Call It What You Want opens with an intense scene of Rob Lachlan sitting at the breakfast table with his father, who is non-communicative and in a wheelchair. It’s one of the shortest first chapters of any book I’ve ever written, but it’s also one of the most powerful openings I’ve ever put on paper, because Rob is so very unhappy about his situation—and none of it is his fault. I’m often asked how I write such emotionally weighted scenes about my characters, and I like to joke that I take a happy idea (“Robin Hood, but in high school! Yay!”) and then I tie it to a brick and throw it off a cliff. (“Oh, but he’s sad because he’s stuck taking care of his dad, who not only ripped off everyone in town, but then tried to kill himself and failed.”)
But the truth of the matter is that I think the most powerful stories come from a place of deep conflict: conflict between characters, and conflict within each character. Rob is deeply conflicted because he loves his father, but he is so angry at him, too, and because he can no longer talk to his dad, he has nowhere to put all this emotion. When I was writing the scenes about Rob and his father, I would always push my limits as far as I possibly could, until I was personally uncomfortable with what was going on—and then I’d push things a little bit further. It’s not until I’m truly uncomfortable that I know a scene is going to have the impact I want.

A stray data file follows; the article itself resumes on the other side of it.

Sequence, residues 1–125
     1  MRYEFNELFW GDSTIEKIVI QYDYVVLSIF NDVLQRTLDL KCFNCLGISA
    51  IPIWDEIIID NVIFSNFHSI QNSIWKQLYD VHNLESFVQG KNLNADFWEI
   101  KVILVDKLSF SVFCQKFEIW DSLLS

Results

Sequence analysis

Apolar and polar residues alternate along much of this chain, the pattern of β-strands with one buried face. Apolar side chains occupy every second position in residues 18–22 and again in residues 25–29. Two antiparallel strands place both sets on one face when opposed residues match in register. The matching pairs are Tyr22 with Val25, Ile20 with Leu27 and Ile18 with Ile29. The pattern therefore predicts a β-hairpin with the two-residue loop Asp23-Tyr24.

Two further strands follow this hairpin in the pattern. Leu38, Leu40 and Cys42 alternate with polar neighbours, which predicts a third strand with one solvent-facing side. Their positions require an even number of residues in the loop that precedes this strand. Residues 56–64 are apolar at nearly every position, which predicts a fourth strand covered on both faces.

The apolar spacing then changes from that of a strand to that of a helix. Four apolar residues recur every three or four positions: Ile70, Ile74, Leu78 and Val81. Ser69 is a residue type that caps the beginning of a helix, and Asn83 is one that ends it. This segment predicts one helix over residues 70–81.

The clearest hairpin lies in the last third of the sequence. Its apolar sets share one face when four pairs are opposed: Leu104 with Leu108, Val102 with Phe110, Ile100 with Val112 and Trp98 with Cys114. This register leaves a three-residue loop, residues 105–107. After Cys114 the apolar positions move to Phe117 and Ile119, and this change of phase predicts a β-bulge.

It required a lot of tense writing moments to get Rob’s half of the story the way I wanted it, but I love the way it came together, both during his lowest moments and in those times when the kid finally catches a break.